Looking back to move ahead: Lessons learned from cleantech 1.0

Executive Editor

Conventional wisdom says cleantech 1.0 was a bust.

In a nutshell, cleantech 1.0: Beginning in 2006, venture capitalists poured more than $25 billion into clean energy technologies. Over the next five years they would go on to lose over half that, led by losses in biofuel and solar startups (remember Solyndra?).

That sounds like a bust. But closer examination reveals successes amid losses and lessons learned that will help ensure today’s far larger climate tech investments don’t face similar fates.

“Cleantech 1.0, properly done, wasn’t a bust,” said Vinod Khosla, founder of Khosla Ventures, in conversation with fellow prominent venture capitalist, John Doerr, chairman of Kleiner Perkins, at the Breakthrough Energy Summit in Seattle Tuesday.

I looked at the returns. We turned $1 billion, through a lot of losses, into $3 billion of value. So, a surprising number there.
John Doerr, Chairman of Kleiner Perkins, on his firm's cleanteach 1.0 investments

Successful investments of Kleiner Perkins during Cleantech 1.0 include smart thermostat firm Nest, which Google acquired in 2014, and Enphase, a solar energy company that went public in 2012, according to Doerr’s office.

$3 billion off $1 billion is considered a decent return for a fund writ large, but returns haven’t come as fast as they traditionally have for funds more focused on software companies.

Khosla mentioned several companies his firm invested in that remain operating today, including electric-vehicle battery maker QuantumScape and carbon recycling firm LanzaTech.

“They took a lot more patience and nurturing,” Khosla said.

Some technologies probably still need more time, judging by QuantumScape’s stock. It’s been on a gradual decline ever since a blockbuster opening day in 2020 (granted, the overall stock market has been dismal lately.)

Both Khosla and Doerr faced headline-grabbing losses in cleantech 1.0.

Khosla invested in KiOR, an advanced biofuels startup that went through high-profile bankruptcy in 2014.

As for Doerr, forget horses, he bet on the wrong car back in circa 2007. His firm invested in Fisker, a now little-known electric vehicle company, over Tesla.

“It’s a very painful mistake,” Doerr said.

His thinking was rooted in the fact Fisker was led by known automotive leaders, whereas Tesla wasn’t. That type of thinking may not hold for technologies that upend the status quo.

“I can’t think of one large example [of change] driven by somebody who knows the space super well,” Khosla said. “[I] much prefer people who think of first principles and hire the experience around them to surface the problems that might come up.”

At a macro level, investments in Cleantech 1.0 dried up because of two factors: the 2008 economic recession and the onset of the U.S. oil and natural gas boom, which dropped fossil fuel prices and made more expensive clean energy even less financially attractive.

Climate urgency kept growing, and in 2015, world leaders agreed to the Paris Climate Agreement, where virtually the entire world agreed to limit greenhouse gas emissions. So began another cleantech investment opportunity.

Fast forward to today. The cleantech 1.0 boom seems more like a whimper. Venture capitalists have invested more than $224 billion in climate tech between 2015 and Oct. 18 of this year.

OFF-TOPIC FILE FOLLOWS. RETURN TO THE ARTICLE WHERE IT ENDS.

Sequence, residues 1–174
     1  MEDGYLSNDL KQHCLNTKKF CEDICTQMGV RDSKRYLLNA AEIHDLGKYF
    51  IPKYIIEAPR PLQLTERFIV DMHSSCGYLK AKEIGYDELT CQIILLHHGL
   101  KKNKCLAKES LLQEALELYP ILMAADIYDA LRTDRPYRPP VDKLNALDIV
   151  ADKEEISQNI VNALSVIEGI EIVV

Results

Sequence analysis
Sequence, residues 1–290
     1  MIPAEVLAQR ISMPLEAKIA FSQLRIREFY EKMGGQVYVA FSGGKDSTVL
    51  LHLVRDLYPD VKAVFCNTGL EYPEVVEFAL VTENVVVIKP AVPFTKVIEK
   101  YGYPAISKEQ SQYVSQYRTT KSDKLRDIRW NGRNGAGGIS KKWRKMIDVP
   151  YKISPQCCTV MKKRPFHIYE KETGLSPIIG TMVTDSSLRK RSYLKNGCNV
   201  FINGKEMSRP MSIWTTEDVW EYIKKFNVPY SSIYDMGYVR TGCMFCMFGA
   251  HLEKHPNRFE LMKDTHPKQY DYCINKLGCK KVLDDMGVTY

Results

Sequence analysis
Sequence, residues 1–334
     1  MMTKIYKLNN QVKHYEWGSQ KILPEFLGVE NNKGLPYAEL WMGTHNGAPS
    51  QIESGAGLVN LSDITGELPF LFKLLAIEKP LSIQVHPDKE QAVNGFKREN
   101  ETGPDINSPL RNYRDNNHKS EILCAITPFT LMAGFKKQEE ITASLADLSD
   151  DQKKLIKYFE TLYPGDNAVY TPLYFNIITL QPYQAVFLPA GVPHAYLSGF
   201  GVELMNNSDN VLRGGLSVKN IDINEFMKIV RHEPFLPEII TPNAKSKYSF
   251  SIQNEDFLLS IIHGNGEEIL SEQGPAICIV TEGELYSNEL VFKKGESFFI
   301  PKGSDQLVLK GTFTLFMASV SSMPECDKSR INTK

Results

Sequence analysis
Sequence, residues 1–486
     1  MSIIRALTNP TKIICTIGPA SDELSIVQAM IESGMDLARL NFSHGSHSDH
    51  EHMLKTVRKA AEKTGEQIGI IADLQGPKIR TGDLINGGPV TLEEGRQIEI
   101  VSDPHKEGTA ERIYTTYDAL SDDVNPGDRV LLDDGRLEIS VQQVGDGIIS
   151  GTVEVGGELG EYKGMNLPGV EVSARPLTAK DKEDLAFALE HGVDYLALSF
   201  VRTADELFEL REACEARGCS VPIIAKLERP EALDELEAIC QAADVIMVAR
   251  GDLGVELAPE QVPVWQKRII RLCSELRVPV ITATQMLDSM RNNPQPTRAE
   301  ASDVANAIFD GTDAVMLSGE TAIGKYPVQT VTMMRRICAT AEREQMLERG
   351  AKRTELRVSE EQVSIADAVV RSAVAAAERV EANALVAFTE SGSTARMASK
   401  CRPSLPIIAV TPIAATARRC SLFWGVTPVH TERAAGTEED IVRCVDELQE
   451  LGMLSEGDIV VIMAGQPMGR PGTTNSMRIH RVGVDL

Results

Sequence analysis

Source: PitchBook• Data compiled upon request from Cipher. 2022 data complete through Oct. 18.

“I don’t think there is any dispute that the original cleantech 1.0 got us to where we are now,” said Molly Wood, a climate tech investor at the VC firm Launch.

Although comparing the two might seem unfair considering the mountains of money being invested today, the molehill of yesteryear offers lessons.

“Costs are king in climate,” Doerr said. “People will not pay a premium for an equivalent green product.”

Some of these lessons are being heeded.

Two VC firms launched after the Paris Climate Agreement, including Breakthrough Energy Ventures, whose board includes Khosla and Doerr, and The Engine built by MIT, are focused on technologies that will likely take longer to develop, so they’re intentionally allowing for more than the typical three to five years for returns.

“Climate tech as a sector is beginning to benefit from a more developed investment stack, akin to what software and biotech startups have had for decades,” said Katie Rae, CEO & managing partner of The Engine. “These are signs that point to venture scale returns and the possibility of very large companies.”

Awareness of climate change among the public, governments, corporations and investors is greater than it was during cleantech 1.0. Several factors are driving this, including the impacts of climate change being felt by more people and renewable energy costs are plummeting.

The enactment over the past year of major U.S. climate laws, led by the nearly $400 billion in government incentives in the Inflation Reduction Act, is also boosting climate tech companies.

“I don’t see us transitioning to the new clean energy economy without enabling action [from government],” said Doerr, referring to a comment U.S. Energy Secretary Jennifer Granholm said in earlier session at the same conference.

Blind spots may await, especially with a global economy facing an energy crisis, inflation and persistent supply chain shocks.

“I worry about it a lot,” Khosla said. He said he’s advising climate tech startups to prepare for lower evaluations. “That’s a risk you should manage very tightly.”

Editor’s note: Breakthrough Energy Ventures (BEV) is a venture capital fund within the Breakthrough Energy network, which also supports Cipher. BEV is also among QuantumScape’s investors.